Webster's Revised Unabridged Dictionary
OF. oistre, F. huître, L. ostrea, ostreum, Gr. 'o`streon; prob. akin to 'ostre`on bone, the oyster being so named from its shell. Cf. Osseous Ostracize
Chambers's Twentieth Century Dictionary
O. Fr. oistre (Fr. huître)—L. ostrea—Gr. ostreon, an oyster—osteon, a bone.

Usage

In literature:

The oysters at his feet aside impatiently he shoved, For turtle and his mother were the only things he loved.
"The Book of Humorous Verse" by Various
Boil 1/2 a pint of milk and 1/2 a pint of oyster juice, remove the scum, throw in the oysters, add 2 tablespoonfuls of butter, salt and pepper.
"365 Luncheon Dishes" by Anonymous
Most of the houses on Staten Island are built by fishermen who take large quantities of oysters.
"A Journey to America in 1834" by Robert Heywood
We have rather more serious things than oysters to think about just now.
"The World Peril of 1910" by George Griffith
Only fifty thousand, mind yer, and nothin' but his bare word for it that there was so much as a single oyster in the place!
"Turned Adrift" by Harry Collingwood
They rot the oysters as you do the mussels.
"The Lady and the Pirate" by Emerson Hough
Five or six miles to the west is Blue Point, of oyster fame, in connection with which a curious tradition is extant.
"Lippincott's Magazine, Vol. 22, November, 1878" by Various
He gave us a good deal of curious information about the oyster.
"A Yacht Voyage Round England" by W.H.G. Kingston
Not seeing any oysters, she asks him if he has forgotten the oysters.
"Peck's Sunshine Being a Collection of Articles Written for Peck's Sun, Milwaukee, Wis. - 1882" by George W. Peck
They performed the rite of placing the oysters on the table and retired.
"Black Oxen" by Gertrude Franklin Horn Atherton
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In poetry:

And there is no end, no end of it.
I shall never grow old. New oysters
Shriek in the sea and I
Glitter like Fontainebleu
"Gigolo" by Sylvia Plath
"O oysters!" moaned the Carpenter,
And that was all he said,
As on the coolest piece of rock
He laid his aching head.
The Walrus, too, refrained from speech,
He was already dead.
"Avenged!" by P G Wodehouse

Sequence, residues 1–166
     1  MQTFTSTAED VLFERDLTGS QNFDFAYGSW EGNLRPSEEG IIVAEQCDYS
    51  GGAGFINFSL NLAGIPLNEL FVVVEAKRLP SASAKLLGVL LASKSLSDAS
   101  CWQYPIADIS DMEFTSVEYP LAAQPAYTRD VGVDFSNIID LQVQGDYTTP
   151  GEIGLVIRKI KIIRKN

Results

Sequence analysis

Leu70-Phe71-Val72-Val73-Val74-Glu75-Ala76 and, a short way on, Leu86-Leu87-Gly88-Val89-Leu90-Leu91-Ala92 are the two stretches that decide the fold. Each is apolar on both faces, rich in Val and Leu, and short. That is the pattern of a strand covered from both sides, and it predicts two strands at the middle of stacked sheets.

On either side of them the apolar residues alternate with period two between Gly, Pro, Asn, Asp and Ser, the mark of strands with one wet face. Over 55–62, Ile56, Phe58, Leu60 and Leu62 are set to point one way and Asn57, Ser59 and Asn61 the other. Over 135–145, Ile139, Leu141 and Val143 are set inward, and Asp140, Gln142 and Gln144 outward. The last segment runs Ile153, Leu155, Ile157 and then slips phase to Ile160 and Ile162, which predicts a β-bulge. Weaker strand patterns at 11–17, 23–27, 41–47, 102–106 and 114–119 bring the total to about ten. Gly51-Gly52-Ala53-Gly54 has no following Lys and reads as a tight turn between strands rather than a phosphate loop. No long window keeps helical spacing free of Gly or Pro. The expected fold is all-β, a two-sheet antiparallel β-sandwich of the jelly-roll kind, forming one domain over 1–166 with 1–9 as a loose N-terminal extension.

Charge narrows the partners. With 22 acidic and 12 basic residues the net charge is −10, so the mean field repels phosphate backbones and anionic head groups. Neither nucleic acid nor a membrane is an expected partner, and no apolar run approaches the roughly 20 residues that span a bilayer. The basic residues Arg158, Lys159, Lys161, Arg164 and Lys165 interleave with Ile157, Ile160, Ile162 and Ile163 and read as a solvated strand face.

"O Carpenter," the Walrus said,
"Life's joys soon disappear.
There seem to be no oysters left,
We've swept the table clear."
The Carpenter said nothing but
"I'm feeling precious queer."
"Avenged!" by P G Wodehouse
The Moral of the tale is: Bah!
Nous avons change tout cela.
No clear idea I hope to strike
Of what our nicest girl is like,
But she whose best young man I am
Is not an oyster, nor a clam!
"How Rudeness And Kindness Were Justly Rewarded" by Guy Wetmore Carryl
On PETER'S portion oysters grew - a delicacy rare,
But oysters were a delicacy PETER couldn't bear.
On SOMERS' side was turtle, on the shingle lying thick,
Which SOMERS couldn't eat, because it always made him sick.
"Etiquette" by William Schwenck Gilbert
It was enough: they felt they could more pleasantly get on,
For (ah, the magic of the fact!) they each knew ROBINSON!
And Mr. SOMERS' turtle was at PETER'S service quite,
And Mr. SOMERS punished PETER'S oyster-beds all night.
"Etiquette" by William Schwenck Gilbert

In news:

Oysters, mussels put Kachemak Bay on the mariculture map by Sepp Jannotta Staff Writer.
Oyster farmer Kevin Sidelinger prepares to hoist one of the nets on Friday at the site of his mariculture lease near Halibut Cove.
The Oceans Alaska Marine Science Center has barely opened its doors and tiny oysters are already growing at the new floating facility at George Inlet in Ketchikan.
A fast-growing cadre of Chesapeake Bay oyster farmers are banking on it.
In a Nov 9, 2010 file photo, Tommy Leggett holds a group of oysters as he talks about the oysters restoration project for the Chesapeake Bay Foundation in Gloucester Point, Va.
Chef Ira Gallon from The Hangout made a delicious oyster recipe.
And oh, the glories I have missed: an iced tray of oysters for 40 cents each, a tribute wall to local music icons Big Star, a mean martini from bartender Chuck Schafler, and a historical cache few restaurants in Memphis can match.
The world's mine oyster, but it's not vegan.
"Only eat oysters in months that end with an R," or so the saying goes.
Rock's wayward sons headline Milford Oyster Festival.
My family likes to eat oysters on crackers for a snack.
Exelon won't say how long it expects Oyster Creek to be offline.
Good news for oyster eaters—sort of.
Uncle Frank's oyster dressing .
Oyster Stuffing , Friends A Must For Thanksgiving Swap.
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In science:

Various data sets from pacific oysters suggest a value for α approximately around 1.4.
Recent progress in coalescent theory
Atlantic cod or Pacific oyster (Eldon and Wakeley [EW06]).
Renormalisation of hierarchically interacting Cannings processes
Mitochondrial dna variation in introduced populations of pacific oyster, crassostrea gigas, in british columbia.
The total external branch length of Beta-coalescents